FDA opts not to ban textured breast implants


The Food and Drug Administration decided to continue to allow U.S. sales of textured breast implants, which have been identified as the cause of a rare but significant cancer, breast implant–associated anaplastic large cell lymphoma.

A Food and Drug Administration advisory committee began 2 days of hearings on breast implants on March 25, 2019 in Silver Spring, Md. Mitchel L. Zoler/MDedge News

A Food and Drug Administration advisory committee began 2 days of hearings on breast implants on March 25, 2019, in Silver Spring, Md.

A statement the agency released on May 2 said “The FDA does not believe that, on the basis of available data and information, the device [textured implants] meets the banning standard set forth in the Federal Food and Drug Cosmetic Act.” Experts have estimated that, by early 2019, more than 500 cases of breast implant–associated anaplastic large cell lymphoma (BIA-ALCL) had been reported worldwide, roughly half of them in the United States.

In coming to this decision, following 2 days of public testimony and discussions by an advisory committee in late March, the FDA is bucking the path taken by regulatory bodies of the European Union as well as several other counties. The EU acted in December 2018 to produce the equivalent of a ban on sales of textured breast implants marketed by Allergan. Then in April 2019, the French drug and device regulatory agency expanded this ban to textured breast implants sold by five other companies.

During the FDA advisory committee meeting in March, one of the world’s experts on BIA-ALCL, Mark W. Clemens, MD, a plastic surgeon at MD Anderson Cancer Center in Houston, said that of about 500 case reports received by the FDA, not one had involved a confirmed and “pure” episode of BIA-ALCL linked with a smooth breast implant. A team of experts recently reached the same conclusion when reviewing the reported worldwide incidence of BIA-ALCL in a published review (Plast Reconstr Surg. 2019 March;143[3S]:30S-40S).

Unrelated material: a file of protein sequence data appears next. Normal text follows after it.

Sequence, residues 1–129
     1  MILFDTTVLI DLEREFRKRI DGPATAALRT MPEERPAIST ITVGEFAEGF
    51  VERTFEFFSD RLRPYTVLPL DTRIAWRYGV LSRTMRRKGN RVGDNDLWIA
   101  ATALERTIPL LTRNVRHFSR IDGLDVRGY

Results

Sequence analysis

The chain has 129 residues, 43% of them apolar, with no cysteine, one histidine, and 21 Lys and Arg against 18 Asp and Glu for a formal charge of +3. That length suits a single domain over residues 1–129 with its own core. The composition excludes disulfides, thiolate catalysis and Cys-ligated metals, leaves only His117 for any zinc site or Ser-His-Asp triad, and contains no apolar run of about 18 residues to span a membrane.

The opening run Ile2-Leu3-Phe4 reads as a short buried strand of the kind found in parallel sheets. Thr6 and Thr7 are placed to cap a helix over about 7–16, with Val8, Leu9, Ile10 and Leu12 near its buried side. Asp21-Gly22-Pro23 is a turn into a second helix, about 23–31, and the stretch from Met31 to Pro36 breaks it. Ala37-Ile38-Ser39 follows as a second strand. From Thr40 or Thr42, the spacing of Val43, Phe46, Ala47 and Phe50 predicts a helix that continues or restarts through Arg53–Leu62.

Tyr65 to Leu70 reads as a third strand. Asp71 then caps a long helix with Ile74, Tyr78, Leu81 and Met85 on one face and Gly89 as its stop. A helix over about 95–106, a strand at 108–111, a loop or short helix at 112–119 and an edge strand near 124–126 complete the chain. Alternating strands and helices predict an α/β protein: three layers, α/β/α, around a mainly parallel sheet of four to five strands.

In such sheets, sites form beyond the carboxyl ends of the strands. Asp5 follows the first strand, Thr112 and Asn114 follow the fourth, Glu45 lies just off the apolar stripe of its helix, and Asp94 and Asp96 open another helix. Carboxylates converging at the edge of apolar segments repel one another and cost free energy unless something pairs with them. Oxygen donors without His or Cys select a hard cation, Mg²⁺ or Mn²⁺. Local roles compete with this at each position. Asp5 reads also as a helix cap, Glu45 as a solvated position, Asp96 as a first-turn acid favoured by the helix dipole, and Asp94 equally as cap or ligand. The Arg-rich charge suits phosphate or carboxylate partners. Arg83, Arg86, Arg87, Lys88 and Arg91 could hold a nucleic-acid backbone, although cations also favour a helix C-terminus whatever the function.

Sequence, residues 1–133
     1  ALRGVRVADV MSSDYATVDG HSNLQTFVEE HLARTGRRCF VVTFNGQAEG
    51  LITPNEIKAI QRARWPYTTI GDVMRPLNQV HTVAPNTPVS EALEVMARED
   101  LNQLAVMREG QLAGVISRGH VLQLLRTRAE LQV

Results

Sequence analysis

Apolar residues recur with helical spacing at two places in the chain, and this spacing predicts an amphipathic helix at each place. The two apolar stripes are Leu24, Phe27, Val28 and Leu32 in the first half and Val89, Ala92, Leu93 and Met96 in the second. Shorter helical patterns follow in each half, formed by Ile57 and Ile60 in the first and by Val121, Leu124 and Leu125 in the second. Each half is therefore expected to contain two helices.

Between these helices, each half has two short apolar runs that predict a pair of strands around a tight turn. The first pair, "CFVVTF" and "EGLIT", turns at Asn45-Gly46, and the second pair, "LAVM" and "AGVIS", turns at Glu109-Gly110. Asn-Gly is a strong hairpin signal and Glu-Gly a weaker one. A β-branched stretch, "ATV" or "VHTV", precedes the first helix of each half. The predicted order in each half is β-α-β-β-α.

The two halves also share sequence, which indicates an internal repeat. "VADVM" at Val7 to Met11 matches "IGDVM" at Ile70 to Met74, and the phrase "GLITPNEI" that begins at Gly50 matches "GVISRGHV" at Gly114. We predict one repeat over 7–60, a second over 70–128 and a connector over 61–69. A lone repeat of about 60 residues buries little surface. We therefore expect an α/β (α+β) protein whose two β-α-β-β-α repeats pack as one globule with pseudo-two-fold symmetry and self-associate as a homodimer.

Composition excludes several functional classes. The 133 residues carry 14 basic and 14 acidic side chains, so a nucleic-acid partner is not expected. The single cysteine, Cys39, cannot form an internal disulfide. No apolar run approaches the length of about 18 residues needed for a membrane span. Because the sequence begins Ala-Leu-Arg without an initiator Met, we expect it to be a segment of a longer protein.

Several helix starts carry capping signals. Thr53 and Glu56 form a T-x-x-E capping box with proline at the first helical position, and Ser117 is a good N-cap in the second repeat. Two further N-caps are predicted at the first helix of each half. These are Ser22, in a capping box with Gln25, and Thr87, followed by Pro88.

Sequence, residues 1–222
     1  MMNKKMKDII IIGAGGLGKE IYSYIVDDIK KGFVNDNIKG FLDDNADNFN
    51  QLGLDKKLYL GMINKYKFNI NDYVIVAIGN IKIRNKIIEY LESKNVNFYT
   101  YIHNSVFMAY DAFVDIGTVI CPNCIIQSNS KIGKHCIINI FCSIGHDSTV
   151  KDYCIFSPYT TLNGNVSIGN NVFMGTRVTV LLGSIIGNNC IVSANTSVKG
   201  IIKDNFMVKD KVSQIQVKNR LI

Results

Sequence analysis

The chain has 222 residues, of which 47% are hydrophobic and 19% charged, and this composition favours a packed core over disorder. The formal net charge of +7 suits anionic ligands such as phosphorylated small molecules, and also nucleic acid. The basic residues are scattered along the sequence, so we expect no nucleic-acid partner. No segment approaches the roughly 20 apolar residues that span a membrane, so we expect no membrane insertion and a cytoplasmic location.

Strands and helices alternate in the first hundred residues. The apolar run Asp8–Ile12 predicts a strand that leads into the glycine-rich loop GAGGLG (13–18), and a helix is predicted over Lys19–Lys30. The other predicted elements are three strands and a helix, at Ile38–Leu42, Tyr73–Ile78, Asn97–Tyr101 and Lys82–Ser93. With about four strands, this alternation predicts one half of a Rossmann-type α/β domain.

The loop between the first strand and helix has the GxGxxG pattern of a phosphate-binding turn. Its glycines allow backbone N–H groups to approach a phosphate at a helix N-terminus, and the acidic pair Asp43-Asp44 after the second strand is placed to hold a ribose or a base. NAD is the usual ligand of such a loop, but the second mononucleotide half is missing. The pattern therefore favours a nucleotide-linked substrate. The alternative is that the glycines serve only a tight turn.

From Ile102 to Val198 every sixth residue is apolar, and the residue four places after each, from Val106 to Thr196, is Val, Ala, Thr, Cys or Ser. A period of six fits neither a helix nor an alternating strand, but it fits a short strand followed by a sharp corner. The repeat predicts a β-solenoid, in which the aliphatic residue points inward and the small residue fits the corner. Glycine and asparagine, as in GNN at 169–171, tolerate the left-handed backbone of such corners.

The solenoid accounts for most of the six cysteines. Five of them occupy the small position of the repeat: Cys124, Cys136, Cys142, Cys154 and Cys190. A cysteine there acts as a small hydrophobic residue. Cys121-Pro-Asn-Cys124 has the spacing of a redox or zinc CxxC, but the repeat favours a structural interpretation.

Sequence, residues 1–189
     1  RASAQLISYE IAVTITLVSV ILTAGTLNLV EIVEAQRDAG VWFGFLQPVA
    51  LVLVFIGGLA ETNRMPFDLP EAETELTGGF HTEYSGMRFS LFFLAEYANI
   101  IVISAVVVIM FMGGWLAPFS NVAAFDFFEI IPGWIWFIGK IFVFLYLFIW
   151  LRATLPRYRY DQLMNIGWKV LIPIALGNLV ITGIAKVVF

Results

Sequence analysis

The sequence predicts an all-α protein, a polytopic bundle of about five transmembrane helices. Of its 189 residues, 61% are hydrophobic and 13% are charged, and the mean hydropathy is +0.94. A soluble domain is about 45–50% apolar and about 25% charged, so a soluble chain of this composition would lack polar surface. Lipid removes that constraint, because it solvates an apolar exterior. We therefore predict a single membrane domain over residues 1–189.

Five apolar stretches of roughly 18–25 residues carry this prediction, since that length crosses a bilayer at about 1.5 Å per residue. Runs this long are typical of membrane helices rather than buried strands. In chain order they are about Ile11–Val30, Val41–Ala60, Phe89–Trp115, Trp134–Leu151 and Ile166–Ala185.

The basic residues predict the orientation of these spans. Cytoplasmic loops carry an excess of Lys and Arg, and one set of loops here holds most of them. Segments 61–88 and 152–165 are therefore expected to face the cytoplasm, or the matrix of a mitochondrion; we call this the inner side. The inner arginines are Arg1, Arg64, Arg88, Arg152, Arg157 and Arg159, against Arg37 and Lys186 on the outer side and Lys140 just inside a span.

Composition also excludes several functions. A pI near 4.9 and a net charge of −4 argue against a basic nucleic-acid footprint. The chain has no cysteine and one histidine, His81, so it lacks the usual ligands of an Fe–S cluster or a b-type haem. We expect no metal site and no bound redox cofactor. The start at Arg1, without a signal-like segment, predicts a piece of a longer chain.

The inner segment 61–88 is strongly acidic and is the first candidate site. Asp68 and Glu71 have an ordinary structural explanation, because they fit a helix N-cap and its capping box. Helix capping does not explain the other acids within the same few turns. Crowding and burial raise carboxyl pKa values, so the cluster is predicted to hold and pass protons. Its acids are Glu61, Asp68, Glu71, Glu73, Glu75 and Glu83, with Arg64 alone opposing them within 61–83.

Despite these reports, the FDA said in its new statement that “While the majority of women who develop BIA-ALCL have had textured implants, there are known cases in women with smooth-surface breast implants, and many reports do not include the surface texture of the implant at the time of diagnosis.” The agency added that it is “focused on strengthening the evidence generated to help inform future regulatory action.” During the March advisory committee meeting, some members of the panel spoke against a marketing ban on textured implants for reasons such as the modest number of reported cases and because of the importance of having a textured implant option available.


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